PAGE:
South Korea proposes building high-tech city in just 10 minutes

An all-seeing centre at the top of an apartment block will provide real-time information on information

The Seoul city government has proposed building a high-tech city that can provide local citizens with everything from local municipal services to neighbourhood programs in a few minutes.

The planned Seoul 10-minute city would be built on the 36-acre (14-hectare) roof of an existing 42-story apartment tower, which would be enlarged to 75 floors. An “all-seeing centre” at the top of the building would provide real-time information on its inhabitants and services, 24 hours a day. The information could be shared with local businesses and residents, according to the city.

Residents of the building would also have access to virtual reality programs to learn about local community projects, held in nearby classrooms.

There are 2.3 million citizens in Seoul and city officials say a standard 20-minute daily commute would require 15 trips to 30 different spots around the city. However, the 10-minute city promises to reduce this number, which would reduce congestion and ease urban living.

Earlier this year, a South Korean construction company proposed a large-scale city that would be powered by solar energy and utilize renewable sources such as wind, tidal and thermal energy.

The project, called 100 Mile City, would cover an area of 869 square miles (2,196 square km) and is proposed to be built over the course of two decades. The plan includes 7,000 miles of solar-power stations, small underwater reservoirs that would re-create rainfall, seven wind turbines, two dams and one tidal power system. The project would also feature a “web of islands”, connected by virtual-reality systems, producing hydroelectric power for the city.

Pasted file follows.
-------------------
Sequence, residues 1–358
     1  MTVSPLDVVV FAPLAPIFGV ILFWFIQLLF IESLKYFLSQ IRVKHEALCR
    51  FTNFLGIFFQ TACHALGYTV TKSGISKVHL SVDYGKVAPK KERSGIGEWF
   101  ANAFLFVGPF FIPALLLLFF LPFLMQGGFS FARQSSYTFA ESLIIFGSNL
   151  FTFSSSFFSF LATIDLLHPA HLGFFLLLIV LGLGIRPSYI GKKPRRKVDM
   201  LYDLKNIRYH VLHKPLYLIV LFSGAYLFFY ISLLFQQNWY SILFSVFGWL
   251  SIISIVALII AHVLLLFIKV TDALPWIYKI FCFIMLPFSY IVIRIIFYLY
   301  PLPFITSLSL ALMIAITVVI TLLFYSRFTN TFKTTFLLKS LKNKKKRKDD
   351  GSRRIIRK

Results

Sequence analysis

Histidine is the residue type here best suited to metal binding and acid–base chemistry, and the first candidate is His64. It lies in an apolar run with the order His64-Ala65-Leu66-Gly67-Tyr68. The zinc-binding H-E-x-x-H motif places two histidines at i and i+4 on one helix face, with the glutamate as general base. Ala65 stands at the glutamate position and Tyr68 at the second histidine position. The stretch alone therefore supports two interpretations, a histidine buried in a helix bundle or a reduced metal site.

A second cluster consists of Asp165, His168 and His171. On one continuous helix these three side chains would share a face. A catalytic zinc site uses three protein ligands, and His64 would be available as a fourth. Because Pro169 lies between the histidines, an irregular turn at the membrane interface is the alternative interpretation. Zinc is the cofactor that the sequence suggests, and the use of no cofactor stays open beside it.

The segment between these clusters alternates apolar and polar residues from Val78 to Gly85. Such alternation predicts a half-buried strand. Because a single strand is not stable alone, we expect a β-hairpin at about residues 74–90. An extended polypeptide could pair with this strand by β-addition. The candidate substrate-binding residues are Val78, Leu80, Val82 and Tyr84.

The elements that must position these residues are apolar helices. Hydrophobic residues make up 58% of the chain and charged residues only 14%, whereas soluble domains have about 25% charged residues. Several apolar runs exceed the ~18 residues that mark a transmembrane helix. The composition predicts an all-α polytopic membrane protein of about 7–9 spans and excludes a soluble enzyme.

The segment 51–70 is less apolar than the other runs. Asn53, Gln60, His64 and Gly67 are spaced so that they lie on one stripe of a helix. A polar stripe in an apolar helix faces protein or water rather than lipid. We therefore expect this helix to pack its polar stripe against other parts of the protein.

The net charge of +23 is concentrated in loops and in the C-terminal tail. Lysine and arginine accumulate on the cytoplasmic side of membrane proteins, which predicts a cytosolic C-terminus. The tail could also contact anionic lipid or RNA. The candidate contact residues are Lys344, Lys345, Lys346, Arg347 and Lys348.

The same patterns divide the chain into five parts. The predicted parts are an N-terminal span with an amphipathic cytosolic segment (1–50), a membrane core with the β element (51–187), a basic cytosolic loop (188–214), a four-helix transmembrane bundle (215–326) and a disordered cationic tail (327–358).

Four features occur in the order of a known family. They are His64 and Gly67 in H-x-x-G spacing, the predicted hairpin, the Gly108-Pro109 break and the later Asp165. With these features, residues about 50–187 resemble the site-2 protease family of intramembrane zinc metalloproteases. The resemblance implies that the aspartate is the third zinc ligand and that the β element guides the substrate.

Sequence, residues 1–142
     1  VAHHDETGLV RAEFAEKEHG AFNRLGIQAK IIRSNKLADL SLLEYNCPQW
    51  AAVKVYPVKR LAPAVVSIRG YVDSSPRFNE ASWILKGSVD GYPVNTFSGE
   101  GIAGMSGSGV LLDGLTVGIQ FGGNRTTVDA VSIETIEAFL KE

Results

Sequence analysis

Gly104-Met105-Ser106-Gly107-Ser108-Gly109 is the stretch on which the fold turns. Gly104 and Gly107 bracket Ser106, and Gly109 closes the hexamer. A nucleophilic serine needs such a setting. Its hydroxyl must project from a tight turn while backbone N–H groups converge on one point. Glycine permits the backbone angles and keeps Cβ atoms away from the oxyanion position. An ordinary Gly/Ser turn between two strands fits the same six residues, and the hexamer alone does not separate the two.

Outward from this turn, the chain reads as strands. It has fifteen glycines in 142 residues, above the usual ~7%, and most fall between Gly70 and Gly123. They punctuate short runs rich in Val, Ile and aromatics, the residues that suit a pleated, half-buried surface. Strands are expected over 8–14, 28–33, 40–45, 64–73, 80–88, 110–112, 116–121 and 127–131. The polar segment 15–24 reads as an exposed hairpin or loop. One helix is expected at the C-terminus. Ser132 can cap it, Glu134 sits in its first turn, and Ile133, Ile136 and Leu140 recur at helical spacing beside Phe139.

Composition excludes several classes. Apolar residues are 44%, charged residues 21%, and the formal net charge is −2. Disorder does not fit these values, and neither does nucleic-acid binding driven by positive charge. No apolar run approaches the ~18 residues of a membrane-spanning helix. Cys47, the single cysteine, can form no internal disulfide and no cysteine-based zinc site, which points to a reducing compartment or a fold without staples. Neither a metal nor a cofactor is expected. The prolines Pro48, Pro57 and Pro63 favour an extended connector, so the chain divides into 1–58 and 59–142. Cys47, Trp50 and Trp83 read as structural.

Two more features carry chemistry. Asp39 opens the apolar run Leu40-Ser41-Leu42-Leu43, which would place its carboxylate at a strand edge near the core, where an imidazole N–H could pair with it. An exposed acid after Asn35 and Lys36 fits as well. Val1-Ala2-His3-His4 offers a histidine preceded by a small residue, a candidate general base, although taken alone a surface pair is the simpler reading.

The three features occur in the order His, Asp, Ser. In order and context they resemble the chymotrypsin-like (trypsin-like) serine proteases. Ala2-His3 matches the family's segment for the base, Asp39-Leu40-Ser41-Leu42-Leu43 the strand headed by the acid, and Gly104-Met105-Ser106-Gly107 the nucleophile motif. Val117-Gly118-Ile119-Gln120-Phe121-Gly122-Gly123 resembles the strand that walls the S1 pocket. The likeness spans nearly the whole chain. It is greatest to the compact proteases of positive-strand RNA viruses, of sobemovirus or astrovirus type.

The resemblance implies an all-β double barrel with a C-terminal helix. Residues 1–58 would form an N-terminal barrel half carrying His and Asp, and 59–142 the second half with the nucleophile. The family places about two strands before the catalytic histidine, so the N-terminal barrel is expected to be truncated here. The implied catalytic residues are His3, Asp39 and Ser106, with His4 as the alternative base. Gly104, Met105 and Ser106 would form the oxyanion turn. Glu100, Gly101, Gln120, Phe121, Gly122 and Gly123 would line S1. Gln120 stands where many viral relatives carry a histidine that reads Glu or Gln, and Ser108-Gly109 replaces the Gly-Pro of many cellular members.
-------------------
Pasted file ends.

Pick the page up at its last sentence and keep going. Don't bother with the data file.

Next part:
The 100 Mile City is one of several futuristic ideas to save the country from possible climate change and “nuclear-related disasters”. Last year, a group of students proposed replacing urban transport by running electric-powered bikes around Seoul. The professor behind the plan estimates that 90% of riders would use the bicycles to move without the need for fixed routes. The pedalled bikes would take in high-profile office blocks and would also cover areas such as the Lotte department store and the Stadium of Korea.

The 100 Mile City is to be completed in 2031, which is 20 years after Seoul experiences one of the worst disasters in its history, when a tidal wave from the tsunami-like earthquake of March 2011 flooded many parts of the capital.

A third model, the Housing 100 Megacity Campaign, is a more ambitious plan, estimated to be designed, built and inhabited by 2050. The goal is to build 30,000 “model” apartment complexes for low-income residents who could then rent an additional 2.7m homes. The residences would also use 75% less energy and water than current housing.

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